Photography by Ainhoa Sanchez/Oskar Kihlborg;
Confirmation of the change will mean at least some race activity in every calendar year, from now on – meaning more action for fans of sailing’s iconic race around the world, more continuous employment for the professional sailors involved, and even greater return on investment for the stakeholders backing the teams.
The 2017-18 edition starts 22 October from Alicante and will finish at the end of June next year in The Hague, Netherlands. The three races after that will run 2019-20, 2021-22 and 2023-24 and the tender process for Host Cities is now open for all 3 editions.
This change, coupled with the new mix of stopover formats, and additional inventory, means the best ever value proposition, and flexible options, for the bidding cities around the world.
The race has again engaged long-term partner The Sports Consultancy to work on Host City partnerships and develop these new opportunities, with discussions now starting with existing and potential future Host Cities.
Over the past 20 years, the Volvo Ocean Race has expanded massively from the early routes that made as few as three stops around the world. The race now visits many more markets that are important to both stakeholders and fans and in 2017-18 the route takes in a total of 12 Host Cities.
By reducing the cycle, it won’t be necessary to go to all commercially important markets in every edition, meaning organisers will be able to choose routes that provide the right balance between the sporting integrity of the race and commercial value.
“The shorter cycle means we could shorten each edition by a few months from the current 8 to 9 month format, but nonetheless go to more markets in total over each period of 4 years and 2 races,” Race CEO Mark Turner said.
“At the same time we will strengthen the core DNA and heritage of the race – always being around the world, and always having the Southern Oceans around Antarctica at its heart.”
The race is making a firm commitment to visiting North America, South America, Australasia, China, and at least five major European markets at the very minimum once every other edition (and in some cases every edition), making it easier for two-cycle sponsor commitments to be made to teams before fully detailed final routes are fixed.
Turner explained: “One expected result of these changes will be teams and their sponsors committing for 2 races at a time, over 3 to 4 years – something that has rarely happened in the past with a previous timespan of 2 races in 6 years being too long a commitment for most companies. That means more continuity for everyone, more sponsor activation and general ‘noise’ between races since the teams will not close down, and more effective long-term sailing team set-ups in both sporting and commercial terms.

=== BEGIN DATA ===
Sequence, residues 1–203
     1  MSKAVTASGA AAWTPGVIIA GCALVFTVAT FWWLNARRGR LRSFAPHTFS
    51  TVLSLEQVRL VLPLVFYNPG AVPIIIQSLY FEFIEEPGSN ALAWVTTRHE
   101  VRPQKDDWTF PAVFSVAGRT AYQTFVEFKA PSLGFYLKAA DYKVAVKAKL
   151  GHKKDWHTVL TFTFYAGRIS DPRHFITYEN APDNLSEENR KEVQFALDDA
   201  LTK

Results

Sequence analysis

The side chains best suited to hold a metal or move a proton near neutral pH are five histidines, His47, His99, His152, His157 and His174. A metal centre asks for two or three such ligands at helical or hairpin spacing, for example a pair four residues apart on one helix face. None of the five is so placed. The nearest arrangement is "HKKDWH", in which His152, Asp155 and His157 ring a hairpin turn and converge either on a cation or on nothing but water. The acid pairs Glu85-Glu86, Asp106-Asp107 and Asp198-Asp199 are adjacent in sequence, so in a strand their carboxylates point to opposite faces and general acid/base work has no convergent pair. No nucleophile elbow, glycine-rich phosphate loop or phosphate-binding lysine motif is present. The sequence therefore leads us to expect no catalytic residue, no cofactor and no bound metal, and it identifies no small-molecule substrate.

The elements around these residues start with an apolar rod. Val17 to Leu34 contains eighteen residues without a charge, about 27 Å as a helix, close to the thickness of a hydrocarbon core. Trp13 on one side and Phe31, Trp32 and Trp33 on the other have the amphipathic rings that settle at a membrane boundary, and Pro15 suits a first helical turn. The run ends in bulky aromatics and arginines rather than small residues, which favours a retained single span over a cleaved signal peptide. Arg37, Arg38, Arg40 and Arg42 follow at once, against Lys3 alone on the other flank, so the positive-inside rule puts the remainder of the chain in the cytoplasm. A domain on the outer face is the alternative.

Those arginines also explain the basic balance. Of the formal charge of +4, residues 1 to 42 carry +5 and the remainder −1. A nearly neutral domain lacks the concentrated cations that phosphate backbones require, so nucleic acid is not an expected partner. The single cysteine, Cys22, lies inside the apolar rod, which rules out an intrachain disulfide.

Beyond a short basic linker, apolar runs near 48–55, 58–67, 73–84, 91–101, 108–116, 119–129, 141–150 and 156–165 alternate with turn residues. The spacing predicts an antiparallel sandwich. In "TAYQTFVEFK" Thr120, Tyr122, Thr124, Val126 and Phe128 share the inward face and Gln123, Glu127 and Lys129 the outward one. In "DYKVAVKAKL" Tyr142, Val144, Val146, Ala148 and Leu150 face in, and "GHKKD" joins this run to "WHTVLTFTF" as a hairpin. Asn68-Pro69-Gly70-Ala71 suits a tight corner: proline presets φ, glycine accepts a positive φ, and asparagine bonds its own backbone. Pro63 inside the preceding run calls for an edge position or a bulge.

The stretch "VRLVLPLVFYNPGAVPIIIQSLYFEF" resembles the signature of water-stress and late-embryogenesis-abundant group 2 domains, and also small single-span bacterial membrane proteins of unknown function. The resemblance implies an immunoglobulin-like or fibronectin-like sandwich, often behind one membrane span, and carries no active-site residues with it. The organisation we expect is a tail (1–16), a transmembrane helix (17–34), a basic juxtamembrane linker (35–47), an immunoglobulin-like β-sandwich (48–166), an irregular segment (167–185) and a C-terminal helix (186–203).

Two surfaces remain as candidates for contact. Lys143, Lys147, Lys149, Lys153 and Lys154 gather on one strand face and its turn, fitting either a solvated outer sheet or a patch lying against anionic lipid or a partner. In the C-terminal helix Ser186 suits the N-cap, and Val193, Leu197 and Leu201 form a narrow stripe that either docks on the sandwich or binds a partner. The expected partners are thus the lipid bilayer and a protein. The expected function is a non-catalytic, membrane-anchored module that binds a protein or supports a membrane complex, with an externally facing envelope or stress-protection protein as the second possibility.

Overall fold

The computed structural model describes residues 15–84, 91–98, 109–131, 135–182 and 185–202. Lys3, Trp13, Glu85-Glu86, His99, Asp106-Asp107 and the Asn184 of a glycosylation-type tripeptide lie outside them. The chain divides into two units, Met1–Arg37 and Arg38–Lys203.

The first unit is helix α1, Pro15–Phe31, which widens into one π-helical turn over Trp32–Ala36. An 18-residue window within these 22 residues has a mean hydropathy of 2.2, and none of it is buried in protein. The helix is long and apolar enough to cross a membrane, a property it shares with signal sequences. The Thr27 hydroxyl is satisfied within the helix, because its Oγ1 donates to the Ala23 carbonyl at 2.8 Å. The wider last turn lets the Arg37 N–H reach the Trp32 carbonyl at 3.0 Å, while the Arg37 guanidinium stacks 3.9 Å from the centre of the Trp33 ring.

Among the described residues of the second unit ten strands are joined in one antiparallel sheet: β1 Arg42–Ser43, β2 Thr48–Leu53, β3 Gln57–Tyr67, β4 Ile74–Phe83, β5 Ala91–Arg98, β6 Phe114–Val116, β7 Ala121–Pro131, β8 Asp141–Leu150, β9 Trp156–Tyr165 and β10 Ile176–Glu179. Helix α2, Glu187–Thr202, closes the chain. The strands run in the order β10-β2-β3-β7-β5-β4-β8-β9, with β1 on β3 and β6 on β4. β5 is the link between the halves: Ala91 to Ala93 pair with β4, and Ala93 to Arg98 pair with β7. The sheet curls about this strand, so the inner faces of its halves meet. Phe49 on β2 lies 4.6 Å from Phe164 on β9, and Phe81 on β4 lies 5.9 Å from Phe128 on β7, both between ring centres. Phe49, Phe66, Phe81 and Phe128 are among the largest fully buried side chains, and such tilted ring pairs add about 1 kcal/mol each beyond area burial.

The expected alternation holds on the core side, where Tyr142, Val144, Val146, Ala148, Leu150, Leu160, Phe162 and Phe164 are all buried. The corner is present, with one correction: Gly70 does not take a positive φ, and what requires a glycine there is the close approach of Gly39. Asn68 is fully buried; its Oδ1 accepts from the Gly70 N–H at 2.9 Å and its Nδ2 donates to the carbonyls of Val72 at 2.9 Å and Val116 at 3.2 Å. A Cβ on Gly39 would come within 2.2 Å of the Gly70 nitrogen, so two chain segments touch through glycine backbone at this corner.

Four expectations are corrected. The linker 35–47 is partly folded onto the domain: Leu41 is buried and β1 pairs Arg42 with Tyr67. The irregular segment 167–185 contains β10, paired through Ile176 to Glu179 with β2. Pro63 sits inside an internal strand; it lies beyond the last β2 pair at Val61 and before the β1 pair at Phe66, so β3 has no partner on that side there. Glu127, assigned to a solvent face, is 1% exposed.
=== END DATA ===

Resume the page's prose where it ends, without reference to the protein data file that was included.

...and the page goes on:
“Losing the long gap of over 2 years between the races helps solve many problems – including the sales process for teams, who today, since the switch to provide One Design boats, end up trying to sell sponsorship when there is no race on. Going forward that activity will happen during one edition, for the future ones – the best time to sell being during the action.
“There will still be plenty of breathing space for this iconic event, though – between one finish and the start of the following race, there is still going to be 16 or so months, so we are not over-exposing it either.”
The Volvo Ocean Race is relatively unique in sports business, being owned by its joint Title Partners, Volvo Group and Volvo Car Group. This continues to provide important long-term stability to the event, something extremely valuable to other stakeholders involved in the race on team, event and host venue side.
The race has already announced that the 14th edition in 2019-20 will be contested in brand new foil-assisted monohull boats. The addition of ‘flying’ multihulls for use inshore means the race will provide the toughest all-round test in sailing.
The switch in cycle could also help complete the alignment of sailing’s big race calendar. For the first time in history, the Volvo Ocean Race, America’s Cup, Olympics and Vendée Globe’s 2 and 4-year cycles should be in sync with no direct overlap of the actual events.
The Volvo Ocean Race was originally run every four years from its first edition in 1973-74, when it was known as the Whitbread. Since 2005-06, it has been on a three-year cycle.
The race is committed to two more starts – after the 2017-18 edition – from its established home in Alicante, Spain.
In the future, newly imagined race routes are possible, including starts and/or finishes outside Europe and a non-stop leg around Antarctica.
“The race will always go around the world and the Southern Ocean will always, always be at the core of the challenge we set for the world’s best professional sailors, with a new non-stop full lap of Antarctica likely to be included as a leg in most editions too,” said Turner.
“We believe for the first time we are managing to increase the sporting equity and value, AND the commercial value at the same time. It’s no longer a compromise between the two.”